Maritime Domain Awareness plays a key role in detecting maritime threats & developing strategies to avoid, mitigate or respond effectively to these threats and, in turn, protect the economic & natural assets which underpin the Blue economy. The data gathered by the navies through these activities also provides critical information relevant to the blue economy, including weather & oceanic conditions, bathometric & oceanographic data & vessel tracking. This data, much of which is shared with industry & across jurisdictions, gives reliable & accurate information to assist maritime sectors in planning & managing their business activities & offers insights into potential new opportunities for ocean-based economic development. Navies, particularly the IN, have diversified their activities into non-traditional roles. Maritime security operations are often central to disaster response, search & rescue operations & marine incidents, such as oil spills or accidents at sea. In this regard, they play an important role in protecting human life & property & environmental health.

Q. How is the IN collaborating with other IOR countries?

Ans: Several IOR nations’ limited capacity & capability underscores the need for a collaborative approach to maritime security amongst various national, regional & international stakeholders to uphold the rule of law. In this context, there are many enablers that, to my mind, are critical for achieving practical maritime cooperation in support of the blue economy. 

INS Tarangini, a Sail Training Ship of Indian Navy participating in Training exercise with Sri Lankan Navy; Photo Courtesy Indian Navy

In today’s context of maritime security, navies need to work together to enhance the collective maritime security quotient of the region. Once a meeting of minds occurs, identifying areas of common concerns to streamline mitigating efforts would naturally follow. Another enabler is the assimilation & analysis of information. To allow data to be processed in an actionable manner, information sharing mechanisms among nations would be vital. The IN has accorded high priority to maritime engagement with regional partner states. Towards fulfilling India’s commitment of being the ‘Preferred Security Partner’ in the region, the IN has always been a close partner to the IOR littorals & engaged in the maritime domain to counter their security challenges.

Under the aegis of Gol’s vision SAGAR & also in line with our commitment to build capacities & self-reliance in all our neighbouring countries, we have been providing assistance to our friendly foreign countries. We undertake capability enhancement through quality training, hydrographic surveys, EEZ surveillance based on specific requests & refit/repairs assistance. In addition, towards maintaining good order at sea, the IN also regularly conducts combined operations with our maritime neighbours, including coordinated patrolling.  

The collaborative efforts of IONS (Indian Ocean Naval Symposium), MILAN, GMC (Goa Maritime Conclave) have resulted in improved mutual understanding & provided a roadmap for multilateral engagements. 

Q. Given the centrality of the Indo Pacific, how can the potential in the region be further harnessed?

Ans. The Hon’ble PM articulated India’s approach to the Indo Pacific during the Shangri La dialogue in Jun 18. This approach is founded in the vision of SAGAR, Security And Growth for All in the Region, and underscored by the principles of 5S सम्मान (respect); सम्वाद (dialogue); सह्योग (cooperation), शांति (peace), and समृद्धि (prosperity). In keeping with this, India believes that a free, open, inclusive, and rules-based region that facilitates prosperity for all is the most suited approach.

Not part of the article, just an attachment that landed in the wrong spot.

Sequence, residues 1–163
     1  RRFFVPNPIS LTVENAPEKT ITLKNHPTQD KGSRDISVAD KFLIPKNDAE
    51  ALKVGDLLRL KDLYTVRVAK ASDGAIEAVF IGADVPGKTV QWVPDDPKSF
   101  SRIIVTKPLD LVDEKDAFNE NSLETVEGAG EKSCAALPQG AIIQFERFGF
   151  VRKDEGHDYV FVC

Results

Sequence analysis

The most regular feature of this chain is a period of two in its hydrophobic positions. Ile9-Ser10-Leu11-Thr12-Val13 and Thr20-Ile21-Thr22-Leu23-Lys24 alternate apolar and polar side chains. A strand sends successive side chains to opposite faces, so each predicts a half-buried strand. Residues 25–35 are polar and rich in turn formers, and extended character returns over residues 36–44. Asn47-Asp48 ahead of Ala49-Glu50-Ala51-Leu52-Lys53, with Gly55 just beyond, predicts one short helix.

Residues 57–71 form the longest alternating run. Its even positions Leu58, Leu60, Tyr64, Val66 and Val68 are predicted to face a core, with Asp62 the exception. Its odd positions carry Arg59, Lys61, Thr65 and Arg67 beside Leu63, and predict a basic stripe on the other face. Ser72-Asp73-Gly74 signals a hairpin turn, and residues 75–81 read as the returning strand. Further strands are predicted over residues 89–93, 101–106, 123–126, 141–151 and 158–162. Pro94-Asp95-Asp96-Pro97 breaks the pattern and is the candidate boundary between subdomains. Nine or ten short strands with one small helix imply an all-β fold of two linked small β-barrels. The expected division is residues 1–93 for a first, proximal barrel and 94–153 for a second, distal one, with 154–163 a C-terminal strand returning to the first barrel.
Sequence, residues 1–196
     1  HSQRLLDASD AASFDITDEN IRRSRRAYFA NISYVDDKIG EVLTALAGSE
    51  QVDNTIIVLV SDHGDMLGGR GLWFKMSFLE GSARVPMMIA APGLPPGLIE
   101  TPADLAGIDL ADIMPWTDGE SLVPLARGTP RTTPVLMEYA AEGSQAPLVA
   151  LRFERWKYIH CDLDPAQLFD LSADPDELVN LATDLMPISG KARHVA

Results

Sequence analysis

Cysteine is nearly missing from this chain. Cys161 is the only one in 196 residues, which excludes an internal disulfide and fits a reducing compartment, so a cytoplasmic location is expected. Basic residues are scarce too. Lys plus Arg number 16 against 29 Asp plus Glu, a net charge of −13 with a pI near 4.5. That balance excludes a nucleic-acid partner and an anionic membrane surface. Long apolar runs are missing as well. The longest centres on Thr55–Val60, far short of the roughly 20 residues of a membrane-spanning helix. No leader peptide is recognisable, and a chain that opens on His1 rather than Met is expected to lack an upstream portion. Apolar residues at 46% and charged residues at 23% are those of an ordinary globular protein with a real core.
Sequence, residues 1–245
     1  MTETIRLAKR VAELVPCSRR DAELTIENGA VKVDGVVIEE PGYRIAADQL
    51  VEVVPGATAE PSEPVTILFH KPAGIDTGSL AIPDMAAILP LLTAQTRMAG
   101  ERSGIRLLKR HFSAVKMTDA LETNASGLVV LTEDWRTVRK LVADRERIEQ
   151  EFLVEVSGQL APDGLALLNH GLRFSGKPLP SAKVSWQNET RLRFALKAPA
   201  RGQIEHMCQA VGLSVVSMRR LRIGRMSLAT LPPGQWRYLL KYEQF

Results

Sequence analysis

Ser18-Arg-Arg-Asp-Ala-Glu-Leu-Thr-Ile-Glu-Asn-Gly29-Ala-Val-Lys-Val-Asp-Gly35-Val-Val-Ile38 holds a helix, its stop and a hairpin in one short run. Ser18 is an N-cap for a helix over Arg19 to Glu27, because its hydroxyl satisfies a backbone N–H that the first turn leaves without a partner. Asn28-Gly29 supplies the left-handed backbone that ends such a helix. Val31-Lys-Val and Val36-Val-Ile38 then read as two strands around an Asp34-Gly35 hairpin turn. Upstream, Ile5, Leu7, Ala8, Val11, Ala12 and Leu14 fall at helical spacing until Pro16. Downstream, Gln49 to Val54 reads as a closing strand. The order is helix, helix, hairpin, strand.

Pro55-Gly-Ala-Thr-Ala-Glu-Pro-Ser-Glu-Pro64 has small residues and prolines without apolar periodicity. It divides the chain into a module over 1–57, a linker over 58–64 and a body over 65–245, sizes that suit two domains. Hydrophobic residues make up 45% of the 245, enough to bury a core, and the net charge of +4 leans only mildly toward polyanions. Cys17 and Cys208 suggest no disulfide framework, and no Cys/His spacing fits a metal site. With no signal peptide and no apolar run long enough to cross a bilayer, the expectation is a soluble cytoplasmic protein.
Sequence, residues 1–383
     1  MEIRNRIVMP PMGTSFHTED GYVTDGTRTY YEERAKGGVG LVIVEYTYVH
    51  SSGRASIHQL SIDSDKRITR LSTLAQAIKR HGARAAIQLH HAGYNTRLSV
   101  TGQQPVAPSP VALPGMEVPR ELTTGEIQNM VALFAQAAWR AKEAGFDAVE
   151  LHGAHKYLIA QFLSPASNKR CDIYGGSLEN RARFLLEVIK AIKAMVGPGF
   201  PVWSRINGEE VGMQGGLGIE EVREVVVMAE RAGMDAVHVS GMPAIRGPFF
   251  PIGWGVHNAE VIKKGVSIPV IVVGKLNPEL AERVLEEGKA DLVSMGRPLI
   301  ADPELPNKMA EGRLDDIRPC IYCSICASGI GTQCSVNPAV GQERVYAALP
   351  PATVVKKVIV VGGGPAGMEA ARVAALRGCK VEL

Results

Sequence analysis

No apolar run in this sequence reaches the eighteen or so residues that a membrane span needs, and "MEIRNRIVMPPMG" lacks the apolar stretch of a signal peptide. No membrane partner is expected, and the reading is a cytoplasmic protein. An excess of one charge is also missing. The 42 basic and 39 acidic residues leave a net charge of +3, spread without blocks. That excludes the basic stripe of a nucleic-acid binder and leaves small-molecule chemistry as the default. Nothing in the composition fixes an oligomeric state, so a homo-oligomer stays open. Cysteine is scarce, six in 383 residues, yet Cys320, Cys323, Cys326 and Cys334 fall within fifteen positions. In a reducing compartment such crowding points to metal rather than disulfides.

This is being operationalised at the national level through the Indo Pacific Oceans’ Initiative (IPOI), launched by Hon’ble PM in Nov 19, at the East Asia Summit. As an open global initiative, the IPOI draws on existing regional cooperation architecture and mechanisms to focus on Seven central pillars conceived around Maritime Security; Maritime Ecology; Maritime Resources; Capacity Building and Resource Sharing; Disaster Risk Reduction and Management; Science, Technology and Academic Cooperation; and Trade Connectivity and Maritime Transport. This initiative has received significant support from various nations including Australia, France, Japan. We in the Navy are also fully committed to pursuing and operationalising the vision of SAGAR, through our focused engagements with friends and partners across the region, to strengthen our overall collective capabilities and capacities.

Q.  What will the Indian Navy look like in the future? 

Ans. The ongoing modernisation process aims to create capabilities for accomplishing a range of missions, across the entire spectrum of threats and challenges, and in all four domains that the Indian Navy operates i.e. surface, sub-surface water, air and on land. Based on the long-term capability development plan of the Navy, I can firmly state that the future Indian Navy will be operating next generation platforms ranging from Aircraft Carriers, Destroyers, Frigates, Corvettes, LPDs, nuclear powered submarines, wide variety of aviation assets like fighters, air early warning aircraft, reconnaissance aircraft, helicopters, UAVs etc. All of these would necessarily have indigenous state-of-the-art systems with cutting edge technology, reliability and robust architecture to provide us with the requisite combat capability. 

IAC -1 undertaking Sea Trials; Photo Courtesy Indian Navy

In the past year, we have inducted first of the P15B ship, INS Visakhapatnam, two new Kalvari Class Submarines, Vela & Karanj & a new P8i Squadron at Goa. Presently, 41 ships & submarines are under construction, out of which 39 are in Indian shipyards. Induction of IAC-I, INS Vikrant is planned in the ‘Swarnim Vijay Varsh’ a proper tribute to the indigenisation efforts of the IN. 

Indian Navy’s latest indigenously built destroyer INS Visakhapatnam at Sea: Photo Courtesy Indian Navy

The major platforms under construction include three Visakhapatnam Class Destroyers, seven P17A Shivalik Class follow-on Frigates, four follow-On Teg Class Frigates, two Diving Support Vessels, four Survey Vessels (Large) & 16 ASW- SWC. Contract for two Multi-Purpose Vessels has just been concluded with an Indian private shipyard. Contracts for Cadets training ships, Fleet support ships, next generation missile vessels & OPVs, are at advanced stages for contract conclusion.